A fuzzy evidential reasoning based approach for submarine power cable routing selection for offshore wind farms


Renewable energy sources have been prioritized over fossil fuels for comparatively superior sustainability, environmental and climate benefits. In particular, offshore wind farms, utilizing the large marine space with strong wind potential, have significantly developed over the past few decades.  Generally, submarine power cables are used for transmitting power from the offshore wind farms to the onshore facilities. These cables have a significant impact on the navigation system and are susceptible to damages caused mainly by human factors such as fishing and shipping. To this end, an optimized submarine power cable routing selection criterion is highly desirable for better decision making in terms of technical feasibility, safety, reliability and cost of laying, operating and maintaining of the power cables.

Fuzzy logic approaches have gained a lot of interest in developing reasonable decisions through qualitative and quantitative description of various factors using fuzzy sets. However, most of these methods use traditional rules to describe the relationship between the input and output variables which may result in a loss of useful information. In an attempt to address this problem, Dr. Dan Jiang and Dr.  Xuefeng Yang from Chongqing Jiaotong University in collaboration with Dr. Bing Wu from the Wuhan University of Technology and Professor Van Gelder from the Delft University of Technology developed evident reasoning approach to deal with uncertainty and incomplete information for effective submarine power cable routing selection of offshore wind farms. This approach was fundamentally based on a three-layer decision-making approach considering four major attributes; routing condition, cable reliability, navigational environment, and special zones. Their work is currently published in the journal, Ocean Engineering.

Based on the belief degree, extended IF-THEN rules were constructed for inference purposes. A three-layer decision-making framework was then established after the fuzzification of the input variables. The authors observed that evident reasoning and index value were essential items in obtaining optimal routing selection from the submarine power cable candidates. As such, this is a promising method for field application. Specifically, the proposed approach was validated by describing its application to ZheNeng offshore wind farm in the East Chinese Sea.  From the analysis and comparison of three submarine power cable routings, the one with the best navigational environment and conditions for channel crossover was regarded as the best. This was also attributed to its good performance in the attributes of cable reliability and special zones. Unlike other routings, the best submarine power cable routing was less prone to damages initiated by human activities due to minimal interaction with ship navigation.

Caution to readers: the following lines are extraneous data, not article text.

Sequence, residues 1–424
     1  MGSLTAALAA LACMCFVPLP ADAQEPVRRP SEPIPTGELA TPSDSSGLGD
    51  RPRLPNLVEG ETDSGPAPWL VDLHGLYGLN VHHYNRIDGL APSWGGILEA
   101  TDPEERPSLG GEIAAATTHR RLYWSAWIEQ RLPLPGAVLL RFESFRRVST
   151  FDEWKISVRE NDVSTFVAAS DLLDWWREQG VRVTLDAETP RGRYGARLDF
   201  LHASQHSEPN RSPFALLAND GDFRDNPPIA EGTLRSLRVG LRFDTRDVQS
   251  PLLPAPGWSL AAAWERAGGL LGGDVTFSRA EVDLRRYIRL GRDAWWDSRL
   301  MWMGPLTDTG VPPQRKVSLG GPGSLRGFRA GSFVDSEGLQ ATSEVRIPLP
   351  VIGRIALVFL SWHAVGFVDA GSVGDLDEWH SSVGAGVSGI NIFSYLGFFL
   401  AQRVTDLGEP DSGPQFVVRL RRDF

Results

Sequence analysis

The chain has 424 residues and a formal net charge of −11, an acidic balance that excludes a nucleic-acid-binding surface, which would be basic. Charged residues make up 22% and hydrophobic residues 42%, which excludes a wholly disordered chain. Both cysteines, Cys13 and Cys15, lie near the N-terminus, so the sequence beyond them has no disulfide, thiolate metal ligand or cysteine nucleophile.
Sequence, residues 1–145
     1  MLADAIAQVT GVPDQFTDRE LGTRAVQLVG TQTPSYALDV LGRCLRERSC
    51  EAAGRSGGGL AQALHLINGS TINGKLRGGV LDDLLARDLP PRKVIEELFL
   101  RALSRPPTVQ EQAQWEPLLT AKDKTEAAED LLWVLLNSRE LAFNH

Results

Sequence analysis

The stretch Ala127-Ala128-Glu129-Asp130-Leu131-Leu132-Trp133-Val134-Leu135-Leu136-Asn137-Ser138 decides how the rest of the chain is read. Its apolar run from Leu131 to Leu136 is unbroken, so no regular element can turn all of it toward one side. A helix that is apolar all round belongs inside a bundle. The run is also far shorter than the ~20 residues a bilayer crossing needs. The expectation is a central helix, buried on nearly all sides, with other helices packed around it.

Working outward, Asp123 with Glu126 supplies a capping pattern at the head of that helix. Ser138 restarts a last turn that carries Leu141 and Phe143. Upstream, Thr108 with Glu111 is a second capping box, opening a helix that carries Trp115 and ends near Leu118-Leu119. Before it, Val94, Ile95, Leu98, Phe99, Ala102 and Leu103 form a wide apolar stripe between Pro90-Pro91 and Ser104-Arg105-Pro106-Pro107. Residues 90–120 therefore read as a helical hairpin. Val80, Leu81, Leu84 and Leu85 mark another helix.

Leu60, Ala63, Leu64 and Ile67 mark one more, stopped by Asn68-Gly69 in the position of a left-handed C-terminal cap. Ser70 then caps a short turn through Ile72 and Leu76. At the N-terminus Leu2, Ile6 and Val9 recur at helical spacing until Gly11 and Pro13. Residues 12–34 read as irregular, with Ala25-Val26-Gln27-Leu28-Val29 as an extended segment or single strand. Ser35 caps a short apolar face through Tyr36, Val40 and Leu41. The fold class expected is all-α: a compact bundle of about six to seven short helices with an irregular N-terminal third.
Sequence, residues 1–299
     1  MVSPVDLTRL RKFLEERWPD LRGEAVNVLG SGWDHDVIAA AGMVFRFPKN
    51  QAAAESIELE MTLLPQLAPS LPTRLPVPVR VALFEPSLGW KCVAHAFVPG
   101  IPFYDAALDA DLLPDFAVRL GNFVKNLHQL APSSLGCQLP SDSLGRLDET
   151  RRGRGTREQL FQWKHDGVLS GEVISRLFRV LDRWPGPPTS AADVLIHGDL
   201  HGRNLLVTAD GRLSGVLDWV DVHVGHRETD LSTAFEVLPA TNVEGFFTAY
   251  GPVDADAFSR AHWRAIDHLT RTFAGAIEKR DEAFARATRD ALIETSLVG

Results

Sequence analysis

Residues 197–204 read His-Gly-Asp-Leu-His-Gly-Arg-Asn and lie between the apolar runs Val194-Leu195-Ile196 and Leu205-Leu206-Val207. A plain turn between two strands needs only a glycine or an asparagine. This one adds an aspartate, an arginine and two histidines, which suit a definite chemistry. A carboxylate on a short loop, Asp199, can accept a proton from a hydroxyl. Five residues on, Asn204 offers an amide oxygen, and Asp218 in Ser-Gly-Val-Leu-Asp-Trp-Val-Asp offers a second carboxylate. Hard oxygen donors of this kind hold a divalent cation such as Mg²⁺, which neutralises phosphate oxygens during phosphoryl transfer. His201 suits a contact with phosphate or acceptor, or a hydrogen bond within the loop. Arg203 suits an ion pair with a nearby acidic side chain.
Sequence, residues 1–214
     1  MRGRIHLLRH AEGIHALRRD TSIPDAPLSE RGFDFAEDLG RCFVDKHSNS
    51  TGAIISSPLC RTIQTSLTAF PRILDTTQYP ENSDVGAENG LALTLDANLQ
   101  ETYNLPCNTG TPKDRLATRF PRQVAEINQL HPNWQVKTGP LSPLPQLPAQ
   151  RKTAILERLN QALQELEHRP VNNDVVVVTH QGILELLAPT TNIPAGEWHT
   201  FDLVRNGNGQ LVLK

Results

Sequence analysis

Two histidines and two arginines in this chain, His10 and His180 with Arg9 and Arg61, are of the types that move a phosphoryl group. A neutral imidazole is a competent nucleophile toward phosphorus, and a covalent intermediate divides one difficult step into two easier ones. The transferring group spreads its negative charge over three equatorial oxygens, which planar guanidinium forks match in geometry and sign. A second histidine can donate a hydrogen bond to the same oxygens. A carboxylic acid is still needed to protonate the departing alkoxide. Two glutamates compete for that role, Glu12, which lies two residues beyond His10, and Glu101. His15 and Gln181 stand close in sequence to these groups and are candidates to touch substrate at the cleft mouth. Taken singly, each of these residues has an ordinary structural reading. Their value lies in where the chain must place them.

Generally, the decision made by the proposed method were in agreement with the existing results. Despite the remarkable results, the study has some limitations including limited data since the input variables are derived from the existing data sources. Consequently, the decision attributes and influencing factors need to be adjusted by specific characteristics.   Altogether, the study insights provide essential information that will be of great importance in future improvement of the submarine power cable routing selection by addressing some of the inherent limitations.

About the author

Dr. Dan Jiang is an assistant professor in School of Shipping and Naval Architecture, Chongqing Jiaotong University. She obtained her PhD and BSc degrees in School of Navigation, Wuhan University of Technology, specialized in Transportation Engineering and Control. From January 2017, she started working as an assistant professor in Chongqing Jiaotong University. From March 2019 to March 2020, she was sponsored by China Scholarship Council as a visiting scholar in Section of Safety and Security Science, Delft University of Technology, the Netherlands.